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Zorba Paster: Were We Wrong About Peanuts?

New Research Says Early Introduction Of Peanut Products Might Curb Allergies

Clyde Robinson (CC BY)

In 2000, the American Association of Pediatricians — worried about the dramatic increase in peanut allergies — recommended that parents keep peanuts away from their children until age 3.

The scientific reasoning behind this was simple: Feeding them peanuts early would stimulate an allergic response.

Keep in mind we’re not talking about whole peanuts, which could choke infants, but soft peanut products.

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The expectation was that peanut allergies would decrease, but instead, they are soaring. So, in 2010, that recommendation ended, leaving each doctor to offer his or her own advice about when to start peanuts.

Today, there are four times as many children with peanut allergies as there were in 2000. Four times is an enormous increase.

But, gentle readers, there is hope. New research published in the New England Journal of Medicine shows that we may have been doing exactly the wrong thing. It seems we should feed children peanut stuff, don’t deny them.

The researcher in London noted that Jewish children living in the United Kingdom had 10 times more peanut allergies than children in Israel. Investigating, he found that Israeli moms feed their children a sweet peanut butter snack called Bamba. The proverbial light bulb went on in his head — perhaps, he thought, we should do what the Israelis do and feed peanuts to children early on, then watch their reaction.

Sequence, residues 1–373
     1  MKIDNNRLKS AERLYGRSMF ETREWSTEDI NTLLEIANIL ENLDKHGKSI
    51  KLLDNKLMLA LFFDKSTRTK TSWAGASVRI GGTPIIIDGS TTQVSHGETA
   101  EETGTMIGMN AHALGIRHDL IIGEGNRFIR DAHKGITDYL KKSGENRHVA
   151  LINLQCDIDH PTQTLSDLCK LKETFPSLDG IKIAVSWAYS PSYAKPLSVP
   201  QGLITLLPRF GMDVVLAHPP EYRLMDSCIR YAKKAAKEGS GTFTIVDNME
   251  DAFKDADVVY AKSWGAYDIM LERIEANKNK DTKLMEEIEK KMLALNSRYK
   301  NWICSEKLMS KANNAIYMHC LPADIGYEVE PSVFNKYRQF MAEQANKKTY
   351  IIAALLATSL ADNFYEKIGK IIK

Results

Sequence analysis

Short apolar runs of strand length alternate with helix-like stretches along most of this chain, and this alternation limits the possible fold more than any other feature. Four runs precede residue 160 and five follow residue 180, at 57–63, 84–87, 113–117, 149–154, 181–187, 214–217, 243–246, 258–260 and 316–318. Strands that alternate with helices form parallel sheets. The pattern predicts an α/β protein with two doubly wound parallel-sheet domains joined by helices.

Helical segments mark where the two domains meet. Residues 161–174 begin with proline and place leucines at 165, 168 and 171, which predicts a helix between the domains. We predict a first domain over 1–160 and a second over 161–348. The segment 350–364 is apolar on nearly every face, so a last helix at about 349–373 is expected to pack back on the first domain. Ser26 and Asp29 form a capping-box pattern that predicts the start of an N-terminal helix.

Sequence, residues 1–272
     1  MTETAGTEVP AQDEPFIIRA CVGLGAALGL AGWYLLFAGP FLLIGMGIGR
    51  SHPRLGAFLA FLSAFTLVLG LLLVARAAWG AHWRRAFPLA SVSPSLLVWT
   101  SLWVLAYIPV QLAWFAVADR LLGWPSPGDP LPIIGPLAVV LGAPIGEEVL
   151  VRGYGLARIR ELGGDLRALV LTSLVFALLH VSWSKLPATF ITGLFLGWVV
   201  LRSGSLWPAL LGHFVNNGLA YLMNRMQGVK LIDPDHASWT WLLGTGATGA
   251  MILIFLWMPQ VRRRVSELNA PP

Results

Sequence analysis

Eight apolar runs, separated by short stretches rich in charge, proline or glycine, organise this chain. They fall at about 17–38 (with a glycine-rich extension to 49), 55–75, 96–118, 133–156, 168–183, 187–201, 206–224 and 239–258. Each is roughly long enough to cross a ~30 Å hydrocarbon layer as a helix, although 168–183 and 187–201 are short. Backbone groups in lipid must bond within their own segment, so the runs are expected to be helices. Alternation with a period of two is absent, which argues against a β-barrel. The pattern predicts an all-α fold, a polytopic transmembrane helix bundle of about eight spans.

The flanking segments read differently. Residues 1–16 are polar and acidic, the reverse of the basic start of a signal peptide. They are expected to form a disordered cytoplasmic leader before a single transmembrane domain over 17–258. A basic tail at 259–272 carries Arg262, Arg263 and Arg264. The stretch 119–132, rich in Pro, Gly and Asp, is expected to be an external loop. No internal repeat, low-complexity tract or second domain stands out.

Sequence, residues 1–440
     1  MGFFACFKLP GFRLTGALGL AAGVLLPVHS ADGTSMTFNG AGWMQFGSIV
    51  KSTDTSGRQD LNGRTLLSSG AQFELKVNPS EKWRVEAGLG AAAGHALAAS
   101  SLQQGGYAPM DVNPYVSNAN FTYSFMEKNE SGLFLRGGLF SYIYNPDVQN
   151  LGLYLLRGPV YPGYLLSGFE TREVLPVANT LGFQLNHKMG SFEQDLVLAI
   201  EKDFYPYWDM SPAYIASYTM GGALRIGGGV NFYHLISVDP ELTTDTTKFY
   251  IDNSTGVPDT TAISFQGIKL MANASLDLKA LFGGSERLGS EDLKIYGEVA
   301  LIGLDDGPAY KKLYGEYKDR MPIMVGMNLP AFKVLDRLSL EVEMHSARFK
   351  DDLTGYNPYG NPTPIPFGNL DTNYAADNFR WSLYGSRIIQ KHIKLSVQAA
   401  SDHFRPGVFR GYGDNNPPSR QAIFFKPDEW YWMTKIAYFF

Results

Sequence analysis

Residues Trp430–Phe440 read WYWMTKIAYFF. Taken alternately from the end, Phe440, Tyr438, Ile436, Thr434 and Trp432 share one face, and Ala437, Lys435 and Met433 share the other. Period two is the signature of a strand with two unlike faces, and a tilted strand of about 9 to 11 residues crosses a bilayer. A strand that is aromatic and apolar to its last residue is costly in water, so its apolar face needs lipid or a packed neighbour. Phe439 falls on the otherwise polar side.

He studied what we term an “enriched population” — people most likely to suffer the problem. In this case, it was children under age 1 who had a family history of peanut allergies in mom, dad or a sibling.

The children were tested to make sure they were not already peanut-allergic, and then he started feeding half of them — you guessed it — Bamba, that sweet Israeli peanut snack. For five years, half the children in this population were fed peanut stuff while the other half followed the usual advice of no peanuts at an early age.

The results were dramatic: 98 percent of the children who were fed peanuts early did not get any allergy. As for the children in the other group, one out of seven became allergic. This is dramatic.

The next study he did involved children who tested weakly positive to peanuts. In other words, they were already developing the allergy. Same grouping, half got peanuts and half did not. Five years later, 90 percent of the children who were fed peanut products as infants did not develop any allergy, while a whopping 35 percent of the stay-away-from-peanuts group did.

By the way, the children were eating the equivalent of eight peanuts three times daily. Not a lot of peanuts.

My spin: This study shows that we have been wrong. The early introduction of peanuts may actually be protective.

Now what to do? Should you just follow my advice? I don’t think so. Should you talk to your doctor about this? Yes, absolutely.

This research is very, very suggestive that we should jump on the let’s-eat-peanuts-early bandwagon, but I’m a cautious guy. Would I follow the advice of a medical columnist when it came to my kid? Perhaps. But more likely I would discuss this with my doctor (every situation is different) and then make a decision.

The best patient is the educated patient. Stay well.